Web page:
O Frabjous Day

Pick up hefty carry-on bag. Grab suitcase handle and align wheels for forward motion. Shuffle two steps. Realign suitcase wheels for no forward motion. Set hefty carry-on bag down to relieve shoulder. Watch gap open up ahead of me in check-in line. Sigh. And repeat.

With my brain in neutral, it’s just a routine check-in experience. Until it isn’t.

Flipping through my stack of cards for a photo ID, I pass my bank cards and come to my healthcare card. That’s odd. Where’s my driver’s license?

Flipping more slowly through the stack, I pass bank cards, healthcare card, and frequent-flier cards — Air Canada, Eddie Bauer, Shoppers Drug Mart — in increasing agitation. There is no driver’s license.

Flipping through my cards a little faster produces the same result. Flipping through my cards back to front? The same.

Now at the front of the line, I’m breathing fast and shallow. I try to get a grip. This is ridiculous. My license must be loose in my purse somewhere. But as I wait for the next agent, a shaky-hands check of my purse pockets turns up . . . nothing. Yikes: This isn’t good.

My ears aren’t working quite right: Everything is echoey, and when I get up to the counter I have to ask the airline checker-inner to repeat things. Clutching my boarding pass so I don’t lose that, too, I move to a blue vinyl armchair where a complete emptying of my purse turns up . . . nothing. Dagnab it.

A frantic examination of my entire carry-on bag turns up . . . nothing. Shit.

A call to the Big Guy and his roadside search of our rental car in Calgary turns up . . . nothing. Oh. My. God.

My head is buzzing. This can’t be happening.

But it is. I’m en route from Calgary to Vancouver, and I have no driver’s license. With my healthcare card I can board the plane, all right, but I can’t pick up my rental at the far end. Without wheels, how will I manage the logistics of my visit to my mother, or my subsequent stopover in Edmonton?

“Don’t it always seem to go,
that you don’t know what you’ve got ’til it’s gone?”
Joni Mitchell, Big Yellow Taxi

The next few hours are surreal. My eyes join my ears on strike: Everything is a little out of focus.

Unable to let it go (“Maybe if I look just one more time . . .”), I undertake several more searches of my belongings and pockets, turning up . . . nothing.

The last time I remember having my driver’s license in my hand, the Big Guy was handing it back to me when we picked up the rental car in Calgary, all of four days previously.

I put it away in its accustomed spot, right? I check that stack of cards again.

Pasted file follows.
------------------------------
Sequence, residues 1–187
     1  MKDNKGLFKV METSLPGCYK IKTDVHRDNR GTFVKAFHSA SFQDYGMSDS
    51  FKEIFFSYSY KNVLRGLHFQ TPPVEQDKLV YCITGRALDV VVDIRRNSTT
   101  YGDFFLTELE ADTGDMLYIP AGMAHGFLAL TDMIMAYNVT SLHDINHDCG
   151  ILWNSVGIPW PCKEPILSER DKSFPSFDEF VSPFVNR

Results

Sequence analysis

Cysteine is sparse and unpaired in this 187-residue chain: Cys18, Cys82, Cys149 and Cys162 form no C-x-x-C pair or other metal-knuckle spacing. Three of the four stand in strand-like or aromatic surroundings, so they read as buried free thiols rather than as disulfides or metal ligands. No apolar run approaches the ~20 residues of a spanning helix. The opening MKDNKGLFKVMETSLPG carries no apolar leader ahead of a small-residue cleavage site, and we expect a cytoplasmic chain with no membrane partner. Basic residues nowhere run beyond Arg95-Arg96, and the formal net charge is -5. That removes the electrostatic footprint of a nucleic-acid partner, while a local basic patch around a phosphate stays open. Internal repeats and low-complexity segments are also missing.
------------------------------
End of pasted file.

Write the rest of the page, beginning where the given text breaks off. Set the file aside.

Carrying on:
Finally landing in Vancouver, I check my phone for messages. Nothing. I call the Big Guy anyway.

“O frabjous day! Callooh! Callay!”
Lewis Carroll, Jabberwocky

Against any reasonable expectation, I had put my license in the glove compartment along with the rental agreement, where said license then hid at the bottom, yielding only to a meticulous search. A day later, I have it in my hands again and breathe easy. After all, we’re done, right?


Over the next few weeks I find myself giving my driver’s license unaccustomed love, checking for it in its accustomed spot every few days, just because.

Because I no longer take its presence for granted.

Because I no longer take my habits for granted.

“Don’t it always seem to go, that you don’t know what you’ve got ’til it’s gone?”


This entry was posted in Day-to-Day Encounters, Feeling Clearly and tagged . Bookmark the permalink.

8 Responses to O Frabjous Day

  1. Jim Taylor says:

    “Taking it for granted…” Alas, alack, so many of our troubles derive from that simple phrase. We take for granted many of our attitudes. We take for granted the privileges of living in a safe country, in a democratic world. We take for granted our children, our partners, our friends. I’ve been reading recently about the virtues of “mindfulness” — which seems to mean, basically, paying attention to the moment. In other words, NOT taking things for granted.
    Jim T

  2. Isabel Gibson says:

    Jim – Yes, and a little more of me being in the moment might have seen my driver’s license being in my stack of cards. To your larger point, also yes.

  3. To be mindful is a constant effort — at first; but it gets easier and priorities change. If something is annoying you at a particular moment, you are aware you can change your attitude to it. Deep breath. The next moment will be different, if not better. Better, worse, it’s all being alive. And…you got a story out of it and whoever reads your post will be more mindful, and grateful, too.

    • Isabel Gibson says:

      Barbara – I guess slowing down and doing one thing at a time is a good way to start. Excuse me while I dust my living room and assemble a salad . . .

  4. Colleen says:

    This is hilarious! I had a few chuckles! Still laughing!

    • Isabel Gibson says:

      Colleen – Glad you liked it. Anais Nin, an arty writer, once said, “We write to taste life twice.” Sometimes, I write to get a different taste in my mouth. There sure wasn’t anything funny about it in the living it!

      • “They” say the faster you can make a “bad” thing into a story, the happier you will be. It’s why I have kept a journal for 35 years. For that reason you mention, to taste life twice (or even many times, as I read through them 20, 30 years later), but to keep my brain from going tharn. Right side/left side balance. It also makes me more attentive.

        • Isabel Gibson says:

          Barbara – Yes. Getting another “war story” is what the Big Guy calls it. And definitely worth the effort, when at all possible.

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